NEW ORLEANS (Reuters) - A federal judge ordered a new trial on Tuesday for New Orleans police officers convicted of killing civilians in the chaotic aftermath of Hurricane Katrina, saying prosecutors had undermined the case by posting “vitriolic” comments about the police online.
Four policemen were sentenced last year to prison terms from 38 to 65 years for fatally shooting two unarmed people and wounding four others. A fifth officer was sentenced to six years for trying to cover up the crimes.
A senior U.S. Justice Department official last year called the case the most significant police misconduct prosecution since the black motorist Rodney King was beaten by Los Angeles police in 1991.
U.S. District Judge Kurt Engelhardt, in ordering the new trial, said that before and during the trial, prosecutors had used assumed names to post online messages criticizing the New Orleans police and their defense team. The messages appeared in a forum on www.nola.com, a website affiliated with the New Orleans Times-Picayune newspaper.
The culprits were revealed last year after people involved in an unrelated case hired private investigators, who traced the online comments to the prosecutors in the U.S. attorney’s office, resulting in two resignations.
In a 129-page ruling, Engelhardt blasted the prosecutors and quoted from messages posted by Sal Perricone, one of those who resigned.
“Perricone, under his several monikers, habitually posted comments portraying the NOPD, its superintendent Warren Riley, and its officers and personnel in the most negative and vitriolic way,” Engelhardt said.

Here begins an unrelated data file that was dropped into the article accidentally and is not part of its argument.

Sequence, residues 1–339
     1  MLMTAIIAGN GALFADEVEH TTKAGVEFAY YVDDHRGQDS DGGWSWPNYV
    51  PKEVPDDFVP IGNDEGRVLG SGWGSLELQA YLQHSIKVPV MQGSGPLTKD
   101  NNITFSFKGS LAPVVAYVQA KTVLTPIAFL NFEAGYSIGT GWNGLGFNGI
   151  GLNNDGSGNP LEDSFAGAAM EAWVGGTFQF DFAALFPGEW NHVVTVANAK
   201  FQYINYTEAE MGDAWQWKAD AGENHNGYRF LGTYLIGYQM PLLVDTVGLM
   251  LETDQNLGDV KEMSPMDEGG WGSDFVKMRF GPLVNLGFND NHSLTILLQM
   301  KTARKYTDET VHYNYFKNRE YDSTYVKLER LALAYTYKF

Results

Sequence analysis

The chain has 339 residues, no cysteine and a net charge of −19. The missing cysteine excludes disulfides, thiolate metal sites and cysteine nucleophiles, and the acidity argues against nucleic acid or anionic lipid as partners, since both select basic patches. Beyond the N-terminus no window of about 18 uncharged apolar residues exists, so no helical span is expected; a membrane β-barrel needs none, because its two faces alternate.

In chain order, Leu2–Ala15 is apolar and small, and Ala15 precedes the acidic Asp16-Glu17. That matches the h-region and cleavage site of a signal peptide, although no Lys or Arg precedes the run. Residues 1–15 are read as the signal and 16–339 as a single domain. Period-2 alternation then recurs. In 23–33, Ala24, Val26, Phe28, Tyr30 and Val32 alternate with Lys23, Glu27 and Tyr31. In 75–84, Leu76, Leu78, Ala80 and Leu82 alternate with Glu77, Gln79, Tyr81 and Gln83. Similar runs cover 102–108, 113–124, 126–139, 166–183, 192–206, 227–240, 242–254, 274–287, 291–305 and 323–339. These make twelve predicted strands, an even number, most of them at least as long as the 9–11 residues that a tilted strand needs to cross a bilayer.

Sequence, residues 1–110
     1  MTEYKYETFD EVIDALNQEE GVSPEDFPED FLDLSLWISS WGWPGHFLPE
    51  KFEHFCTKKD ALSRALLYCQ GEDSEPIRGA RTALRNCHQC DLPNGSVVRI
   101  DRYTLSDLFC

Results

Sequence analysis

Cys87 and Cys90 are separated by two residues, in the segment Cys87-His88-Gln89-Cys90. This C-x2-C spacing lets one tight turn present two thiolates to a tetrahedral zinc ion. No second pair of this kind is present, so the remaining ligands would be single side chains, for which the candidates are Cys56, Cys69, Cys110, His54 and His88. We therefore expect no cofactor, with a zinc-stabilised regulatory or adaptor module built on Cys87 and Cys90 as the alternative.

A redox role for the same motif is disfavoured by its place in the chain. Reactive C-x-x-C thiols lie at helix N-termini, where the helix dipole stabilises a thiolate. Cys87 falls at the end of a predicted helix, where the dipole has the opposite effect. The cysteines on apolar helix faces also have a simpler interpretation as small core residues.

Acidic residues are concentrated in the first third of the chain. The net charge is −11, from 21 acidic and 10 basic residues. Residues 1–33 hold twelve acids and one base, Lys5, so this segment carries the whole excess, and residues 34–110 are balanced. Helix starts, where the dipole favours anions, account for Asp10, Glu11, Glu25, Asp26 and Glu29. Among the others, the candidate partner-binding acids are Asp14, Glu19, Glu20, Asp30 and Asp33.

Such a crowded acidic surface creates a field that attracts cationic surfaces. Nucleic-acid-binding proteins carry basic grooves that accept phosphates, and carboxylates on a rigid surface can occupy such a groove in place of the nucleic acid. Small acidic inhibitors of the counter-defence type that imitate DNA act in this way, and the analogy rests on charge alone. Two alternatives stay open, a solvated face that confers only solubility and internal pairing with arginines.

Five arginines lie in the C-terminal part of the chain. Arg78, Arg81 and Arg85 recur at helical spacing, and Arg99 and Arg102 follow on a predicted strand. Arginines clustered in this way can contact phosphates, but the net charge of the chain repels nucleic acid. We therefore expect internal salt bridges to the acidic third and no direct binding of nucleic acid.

The judge quoted from messages that called then-police Superintendent Riley - who testified in his officers’ defense - “inept” and “delusional.”
“The publication by DOJ (Department of Justice) employees of inflammatory invectives, accusatory screeds, and vitriolic condemnations ... should confound and alarm any reasonable observer of the criminal justice process,” Engelhardt wrote.
Though the prosecutors who resigned were not directly involved in the case, the judge wrote that “the use of the media, in ways that might very well prejudice defendants, and create an overriding tenor of guilt in the community long before trial, must be avoided.”
The prosecutors’ behavior placed the court in an “unacceptably awkward position,” Englehardt said.
The U.S. Justice Department issued a brief statement following the ruling: “We are disappointed with the court’s ruling. We are reviewing the decision and considering our option,” a spokesperson said.
Reporting By Kathy Finn; Editing by Greg McCune and Gunna Dickson